Micro seems to be the latest buzzword when it comes to property.
But do big things really come in small packages?
While micro-apartments aren’t a new concept, as housing in major city hubs becomes out of reach for many first home buyers, they are an alternative to getting a foot on the first rung of the property ladder.
However, the latest analysis by riskwiseproperty.com.au shows there are dangers associated with purchasing these tiny dwellings for a number of reasons.
Many banks had policies in place restricting lending to dwellings under 50sq m.
For micro apartments, he said it was unlikely borrowing capacity would be more than 80 per cent, based on the loan-to-value ratio (LVR) with some lenders requiring a much higher deposit than the standard 20 per cent.
It comes down to resale and if there is an issue of oversupply as well, which is often the case in these areas, then the lenders are very reluctant to proceed.
These properties experience very little demand from owner-occupiers, especially as there is a strong preference toward larger units.
In addition, many of these properties are bought off-the-plan and when investors try to resell they can be in for a nasty shock when they realise there is very little demand.
He said some lenders were already toughening borrowing terms for higher-density developments, while the Banking Royal Commission is also expected to lead to further lending restrictions being put in place.
This means those who can barely afford micro-apartments would be unlikely to be granted a mortgage if their application was scrutinised, he said, and therefore the overall demand for this type of dwelling could be even lower.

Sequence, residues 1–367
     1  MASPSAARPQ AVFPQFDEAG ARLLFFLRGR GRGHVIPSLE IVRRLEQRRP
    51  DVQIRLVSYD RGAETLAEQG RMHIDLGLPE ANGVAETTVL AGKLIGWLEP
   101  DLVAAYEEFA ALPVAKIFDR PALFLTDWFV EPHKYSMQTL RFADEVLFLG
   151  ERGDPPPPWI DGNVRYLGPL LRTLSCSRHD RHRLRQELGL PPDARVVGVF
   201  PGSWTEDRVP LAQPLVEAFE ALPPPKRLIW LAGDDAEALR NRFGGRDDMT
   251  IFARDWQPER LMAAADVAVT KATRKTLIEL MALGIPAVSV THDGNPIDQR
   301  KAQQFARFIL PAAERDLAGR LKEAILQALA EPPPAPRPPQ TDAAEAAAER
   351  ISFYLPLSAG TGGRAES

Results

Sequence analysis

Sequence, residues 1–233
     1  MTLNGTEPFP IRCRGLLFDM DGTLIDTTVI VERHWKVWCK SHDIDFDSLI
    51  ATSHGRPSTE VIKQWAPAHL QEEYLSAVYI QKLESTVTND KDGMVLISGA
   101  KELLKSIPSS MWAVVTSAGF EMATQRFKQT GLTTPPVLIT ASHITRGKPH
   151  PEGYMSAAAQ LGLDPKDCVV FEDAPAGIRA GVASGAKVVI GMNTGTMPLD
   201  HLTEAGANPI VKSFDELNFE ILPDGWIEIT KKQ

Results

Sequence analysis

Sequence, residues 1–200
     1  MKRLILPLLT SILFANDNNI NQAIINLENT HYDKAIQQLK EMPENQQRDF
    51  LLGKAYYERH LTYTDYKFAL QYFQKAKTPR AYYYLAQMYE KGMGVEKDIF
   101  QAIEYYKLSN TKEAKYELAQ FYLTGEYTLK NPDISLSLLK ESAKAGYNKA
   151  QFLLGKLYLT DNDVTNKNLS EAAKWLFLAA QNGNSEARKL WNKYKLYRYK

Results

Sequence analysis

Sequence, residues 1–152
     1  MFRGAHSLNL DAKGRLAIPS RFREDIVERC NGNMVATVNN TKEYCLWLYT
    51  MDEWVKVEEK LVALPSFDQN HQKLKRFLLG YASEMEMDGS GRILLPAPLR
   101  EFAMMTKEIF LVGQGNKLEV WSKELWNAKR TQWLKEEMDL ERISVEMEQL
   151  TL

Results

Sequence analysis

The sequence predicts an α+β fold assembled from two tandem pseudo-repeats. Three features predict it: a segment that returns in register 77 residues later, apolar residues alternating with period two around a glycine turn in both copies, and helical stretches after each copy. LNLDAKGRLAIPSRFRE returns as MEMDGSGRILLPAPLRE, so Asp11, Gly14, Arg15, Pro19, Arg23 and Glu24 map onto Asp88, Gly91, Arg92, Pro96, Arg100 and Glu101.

In addition, there are significant and tangible risks associated with buying off-the-plan units.
These dangers include equity risk, cashflow risk and settlement risk.
There is a widespread oversupply issue which is universally acknowledged by banks which have blacklists for postcodes suffering potential unit saturation.
Lenders will either require a much higher deposit as security on their loan, or they may turn down a loan application entirely.
Lenders understand that oversupplied suburbs carry greater risk – and those risks are just as real for the investors who buy in those suburbs.
In fact, they are one more risk on top of a number of others inherent in off-the-plan builds.
It is even more risky when it comes to micro-apartments which have no appeal to families who are looking for at least three bedrooms.
Off-the-plan investors had to obtain finance approval after construction was complete, and if the market had sunk during the build period, they were paying the mortgage on an over-valued property.
Even worse, last year a first home buyer lost a sizeable $41,000 deposit on a St Kilda apartment after the National Australia Bank refused to proceed with the loan because the property was ‘too small’.
Squashed property values and high vacancy rates are hallmarks of the new oversupply issue.
Right now the market is cooler in Sydney and Melbourne and you can see properties that do not tick all the boxes are far more exposed to price reductions.
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